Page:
In this transition, several things that we know as of now will become extinct.
His list of things that will be eaten by the internet contains the entire media business in its current form (including television advertising, which is destined to move onto interactive networks).
Also, books will be dead and become just collectors' items.
"I can see this happening with my daughter who is in the ninth standard. Earlier, her books used to come in a big box. This year, she has been given an iPad. The books come loaded with it; she does her homework and submits it online, and her teacher uses cloud to access it. Can you imagine kids of her generation ever carrying books when they join college?" he asks.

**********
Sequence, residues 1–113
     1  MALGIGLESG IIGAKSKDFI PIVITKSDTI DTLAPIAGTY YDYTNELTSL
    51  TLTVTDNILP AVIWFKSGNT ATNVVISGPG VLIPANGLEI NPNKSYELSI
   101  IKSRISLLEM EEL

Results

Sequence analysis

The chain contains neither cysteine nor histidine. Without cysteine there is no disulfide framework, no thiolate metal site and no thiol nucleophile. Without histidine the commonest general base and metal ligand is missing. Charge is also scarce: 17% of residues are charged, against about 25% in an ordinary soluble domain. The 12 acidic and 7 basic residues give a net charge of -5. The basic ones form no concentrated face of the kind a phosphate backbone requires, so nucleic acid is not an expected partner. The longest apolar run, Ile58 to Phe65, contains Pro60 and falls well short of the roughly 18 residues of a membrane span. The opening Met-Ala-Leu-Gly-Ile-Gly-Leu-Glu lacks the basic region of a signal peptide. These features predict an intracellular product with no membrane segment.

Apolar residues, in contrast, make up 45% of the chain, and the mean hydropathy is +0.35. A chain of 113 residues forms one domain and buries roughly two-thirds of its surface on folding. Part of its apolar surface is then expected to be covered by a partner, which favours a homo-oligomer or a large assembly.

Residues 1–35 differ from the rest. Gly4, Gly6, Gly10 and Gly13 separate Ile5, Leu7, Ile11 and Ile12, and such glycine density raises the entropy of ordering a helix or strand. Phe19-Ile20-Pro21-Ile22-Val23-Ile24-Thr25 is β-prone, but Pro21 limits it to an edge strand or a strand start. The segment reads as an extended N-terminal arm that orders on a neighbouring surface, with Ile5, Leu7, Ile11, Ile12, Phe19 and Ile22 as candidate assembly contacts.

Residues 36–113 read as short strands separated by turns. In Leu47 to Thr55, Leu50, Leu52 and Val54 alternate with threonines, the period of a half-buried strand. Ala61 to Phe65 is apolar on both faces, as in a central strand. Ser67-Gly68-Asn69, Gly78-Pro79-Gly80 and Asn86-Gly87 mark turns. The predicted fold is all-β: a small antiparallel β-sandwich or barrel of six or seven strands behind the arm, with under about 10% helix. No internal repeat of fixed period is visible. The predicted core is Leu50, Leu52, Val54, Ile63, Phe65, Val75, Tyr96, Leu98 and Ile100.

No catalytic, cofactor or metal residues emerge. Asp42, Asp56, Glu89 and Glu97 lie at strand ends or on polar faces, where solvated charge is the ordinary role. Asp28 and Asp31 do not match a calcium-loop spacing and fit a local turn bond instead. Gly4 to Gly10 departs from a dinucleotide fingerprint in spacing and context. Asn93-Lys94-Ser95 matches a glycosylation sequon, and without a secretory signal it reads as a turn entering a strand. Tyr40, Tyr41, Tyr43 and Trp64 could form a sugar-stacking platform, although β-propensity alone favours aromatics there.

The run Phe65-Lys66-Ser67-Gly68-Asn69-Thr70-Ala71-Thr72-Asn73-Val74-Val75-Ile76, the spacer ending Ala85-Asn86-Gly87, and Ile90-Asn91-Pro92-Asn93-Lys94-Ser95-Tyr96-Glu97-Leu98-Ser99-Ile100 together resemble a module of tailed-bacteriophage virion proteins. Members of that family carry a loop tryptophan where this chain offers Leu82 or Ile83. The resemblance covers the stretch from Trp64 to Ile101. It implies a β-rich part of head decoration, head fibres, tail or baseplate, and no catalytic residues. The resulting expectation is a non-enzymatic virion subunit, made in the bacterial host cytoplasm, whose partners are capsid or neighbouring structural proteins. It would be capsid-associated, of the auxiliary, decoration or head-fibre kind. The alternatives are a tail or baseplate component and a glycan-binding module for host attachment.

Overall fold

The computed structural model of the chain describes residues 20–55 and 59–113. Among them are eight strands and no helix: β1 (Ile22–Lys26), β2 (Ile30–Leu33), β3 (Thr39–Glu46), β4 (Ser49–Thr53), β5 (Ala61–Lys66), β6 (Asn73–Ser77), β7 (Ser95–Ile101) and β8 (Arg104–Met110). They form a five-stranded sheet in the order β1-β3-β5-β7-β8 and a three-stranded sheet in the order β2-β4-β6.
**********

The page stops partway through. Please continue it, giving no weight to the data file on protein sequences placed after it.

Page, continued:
We are at the conference room of Google's office at the Maker Maxity in Mumbai's Bandra-Kurla Complex, and the flavour of the city is all around us, courtesy the office decor - bright colours, cricket, dabbawalas, Bollywood and Indian fabrics.
Arora had walked in with a mug of coffee, but his colleague makes a concession for my un-Googleyness - she requests an assistant to serve coffee.
For the chief salesman at Google, which clocked revenue of $38 billion in 2011, the challenge is how this transition - of migrants to natives - can be managed because that will impact the search giant's revenue flow.
Close to 96 per cent of Google's revenue comes from advertisements.
Image: Larry Page (Left) and Nikesh Arora receive the Prince of Asturias Award for Comunication and Humanities from Spain's Prince Felipe and Princess Letizia during a ceremony at the Campoamor Theater in the northern spanish city of Oviedo in this October 24, 2008 file photo.